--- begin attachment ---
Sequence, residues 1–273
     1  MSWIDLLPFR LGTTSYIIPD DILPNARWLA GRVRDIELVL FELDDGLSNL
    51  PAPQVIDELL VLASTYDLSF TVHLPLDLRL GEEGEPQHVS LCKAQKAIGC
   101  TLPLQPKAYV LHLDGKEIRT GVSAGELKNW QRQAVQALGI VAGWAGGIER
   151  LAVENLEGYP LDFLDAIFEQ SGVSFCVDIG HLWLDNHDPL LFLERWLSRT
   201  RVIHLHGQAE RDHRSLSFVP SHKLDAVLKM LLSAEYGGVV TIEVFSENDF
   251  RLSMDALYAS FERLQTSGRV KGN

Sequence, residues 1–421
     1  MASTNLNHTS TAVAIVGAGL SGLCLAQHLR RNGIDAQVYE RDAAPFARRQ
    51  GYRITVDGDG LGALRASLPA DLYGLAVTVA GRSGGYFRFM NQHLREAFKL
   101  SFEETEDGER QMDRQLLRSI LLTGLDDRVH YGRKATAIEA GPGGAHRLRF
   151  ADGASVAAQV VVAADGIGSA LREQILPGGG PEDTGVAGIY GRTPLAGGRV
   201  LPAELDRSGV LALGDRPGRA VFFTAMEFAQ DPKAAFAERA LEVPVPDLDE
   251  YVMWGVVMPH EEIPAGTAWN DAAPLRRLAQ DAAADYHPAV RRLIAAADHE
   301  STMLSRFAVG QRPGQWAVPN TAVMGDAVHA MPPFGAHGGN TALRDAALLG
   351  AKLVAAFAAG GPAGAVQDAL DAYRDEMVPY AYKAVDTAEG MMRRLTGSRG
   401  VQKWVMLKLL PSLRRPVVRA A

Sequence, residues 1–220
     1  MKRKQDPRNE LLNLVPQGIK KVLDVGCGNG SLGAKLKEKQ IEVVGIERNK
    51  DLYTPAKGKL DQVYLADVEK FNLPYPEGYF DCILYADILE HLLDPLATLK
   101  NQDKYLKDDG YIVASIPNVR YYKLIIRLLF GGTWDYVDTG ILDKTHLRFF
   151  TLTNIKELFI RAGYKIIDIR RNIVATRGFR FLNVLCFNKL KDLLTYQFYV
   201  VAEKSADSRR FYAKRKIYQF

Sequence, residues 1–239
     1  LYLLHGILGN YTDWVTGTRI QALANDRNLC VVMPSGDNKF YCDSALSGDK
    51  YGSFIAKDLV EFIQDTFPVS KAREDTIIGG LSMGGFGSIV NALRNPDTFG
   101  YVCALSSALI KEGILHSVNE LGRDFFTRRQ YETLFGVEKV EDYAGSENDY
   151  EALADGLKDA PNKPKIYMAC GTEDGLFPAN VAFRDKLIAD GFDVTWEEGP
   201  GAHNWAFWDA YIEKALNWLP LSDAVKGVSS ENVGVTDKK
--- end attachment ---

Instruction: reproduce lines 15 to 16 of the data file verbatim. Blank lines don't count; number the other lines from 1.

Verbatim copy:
   301  STMLSRFAVG QRPGQWAVPN TAVMGDAVHA MPPFGAHGGN TALRDAALLG
   351  AKLVAAFAAG GPAGAVQDAL DAYRDEMVPY AYKAVDTAEG MMRRLTGSRG